The county’s bad call
As is well known, Butte County strongly opposes the site near the intersection of highways 149 and 99 where the Mechoopda Indian Tribe of Chico Rancheria proposes to build a casino. The site is environmentally inappropriate, the county argues, and putting a casino there also would require placing a stop light on Highway 149, which would be counter to the current upgrading of the highway to make it freer flowing.
These are legitimate arguments, and the federal officials now assessing the tribe’s application to take the land into trust and become entitled to build a casino there should consider them closely. In fact, we agree with the county that the site presents sufficient potential environmental and traffic problems that a full environmental-impact report should be prepared.
Having said that, we also believe that the county has done the Mechoopda a disservice by attempting recently to convince the federal Bureau of Indian Affairs that the Mechoopda had “manufactured” their history, were not a legitimate tribe and had no historic right to claim any land in the county as a reservation site (see “Revisionist history,” Newslines, page 12).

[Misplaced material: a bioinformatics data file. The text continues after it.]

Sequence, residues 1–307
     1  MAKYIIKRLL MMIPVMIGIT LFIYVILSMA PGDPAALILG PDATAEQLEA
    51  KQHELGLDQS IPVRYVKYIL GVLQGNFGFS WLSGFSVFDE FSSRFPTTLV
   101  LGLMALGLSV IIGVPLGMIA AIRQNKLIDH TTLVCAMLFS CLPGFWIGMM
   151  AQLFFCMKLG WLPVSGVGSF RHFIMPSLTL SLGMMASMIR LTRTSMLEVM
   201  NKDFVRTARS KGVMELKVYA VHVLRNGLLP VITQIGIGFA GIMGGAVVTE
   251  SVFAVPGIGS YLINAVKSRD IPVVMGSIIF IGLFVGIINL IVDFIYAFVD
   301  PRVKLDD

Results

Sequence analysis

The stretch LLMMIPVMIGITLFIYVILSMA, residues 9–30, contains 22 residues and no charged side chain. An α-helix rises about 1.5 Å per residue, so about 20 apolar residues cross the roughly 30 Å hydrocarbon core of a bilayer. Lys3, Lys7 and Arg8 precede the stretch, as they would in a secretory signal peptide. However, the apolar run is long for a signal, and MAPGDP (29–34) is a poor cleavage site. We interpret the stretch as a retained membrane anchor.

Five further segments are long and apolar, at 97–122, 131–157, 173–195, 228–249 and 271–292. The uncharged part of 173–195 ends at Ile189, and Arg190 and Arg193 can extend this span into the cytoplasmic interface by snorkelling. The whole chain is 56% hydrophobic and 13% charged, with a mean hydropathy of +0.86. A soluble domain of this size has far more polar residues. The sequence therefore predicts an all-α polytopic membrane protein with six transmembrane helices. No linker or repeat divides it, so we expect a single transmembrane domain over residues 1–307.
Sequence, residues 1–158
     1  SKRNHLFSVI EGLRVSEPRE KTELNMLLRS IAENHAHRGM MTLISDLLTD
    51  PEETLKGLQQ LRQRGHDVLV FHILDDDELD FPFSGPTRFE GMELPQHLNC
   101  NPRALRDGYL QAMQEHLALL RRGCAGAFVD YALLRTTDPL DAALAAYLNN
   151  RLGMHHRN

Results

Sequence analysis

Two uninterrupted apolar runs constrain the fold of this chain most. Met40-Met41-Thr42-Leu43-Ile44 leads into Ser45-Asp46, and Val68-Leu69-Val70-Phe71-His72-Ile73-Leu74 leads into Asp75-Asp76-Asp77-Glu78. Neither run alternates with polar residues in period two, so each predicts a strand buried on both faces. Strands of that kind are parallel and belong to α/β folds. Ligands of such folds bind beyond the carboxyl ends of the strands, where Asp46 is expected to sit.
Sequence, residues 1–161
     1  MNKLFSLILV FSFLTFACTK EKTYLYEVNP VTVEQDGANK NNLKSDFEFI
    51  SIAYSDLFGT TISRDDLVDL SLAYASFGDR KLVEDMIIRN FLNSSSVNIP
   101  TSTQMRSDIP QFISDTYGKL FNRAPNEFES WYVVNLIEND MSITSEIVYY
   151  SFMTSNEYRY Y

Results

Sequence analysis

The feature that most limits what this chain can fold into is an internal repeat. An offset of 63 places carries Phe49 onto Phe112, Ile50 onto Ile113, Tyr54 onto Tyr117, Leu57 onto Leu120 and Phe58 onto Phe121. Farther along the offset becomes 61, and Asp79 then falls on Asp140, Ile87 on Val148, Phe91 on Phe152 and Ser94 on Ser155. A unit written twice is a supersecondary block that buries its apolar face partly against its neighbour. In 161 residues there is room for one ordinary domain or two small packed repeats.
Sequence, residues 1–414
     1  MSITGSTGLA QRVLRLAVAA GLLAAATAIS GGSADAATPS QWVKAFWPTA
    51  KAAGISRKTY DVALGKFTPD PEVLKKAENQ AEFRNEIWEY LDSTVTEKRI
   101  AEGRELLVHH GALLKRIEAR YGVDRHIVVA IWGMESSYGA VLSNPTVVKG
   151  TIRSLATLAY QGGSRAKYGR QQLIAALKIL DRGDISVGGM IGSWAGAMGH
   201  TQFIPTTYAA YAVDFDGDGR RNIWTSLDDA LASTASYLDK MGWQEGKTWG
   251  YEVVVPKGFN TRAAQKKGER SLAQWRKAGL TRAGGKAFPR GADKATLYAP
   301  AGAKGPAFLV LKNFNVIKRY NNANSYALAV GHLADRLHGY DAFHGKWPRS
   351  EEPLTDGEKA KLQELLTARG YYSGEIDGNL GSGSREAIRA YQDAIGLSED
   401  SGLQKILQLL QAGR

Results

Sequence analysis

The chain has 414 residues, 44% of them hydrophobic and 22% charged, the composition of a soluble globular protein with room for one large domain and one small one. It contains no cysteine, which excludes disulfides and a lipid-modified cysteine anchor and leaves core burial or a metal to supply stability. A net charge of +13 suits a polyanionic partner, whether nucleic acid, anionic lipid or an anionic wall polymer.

Making such a charge was wrong, tactically and otherwise. The Mechoopda have been a federally recognized tribe since 2000, when their tribal status was officially restored. From what we’ve gathered, the BIA and the Department of the Interior are not about to overturn that decision.
Just as significant, the county’s action was offensive to many Chicoans, who are perfectly aware that the Mechoopda were here when white settlers arrived and have long recognized the Mechoopda as a legitimate tribe from the Chico area.
If anything, the county’s action only made Chico residents more sympathetic to the Mechoopda’s quest to build a casino.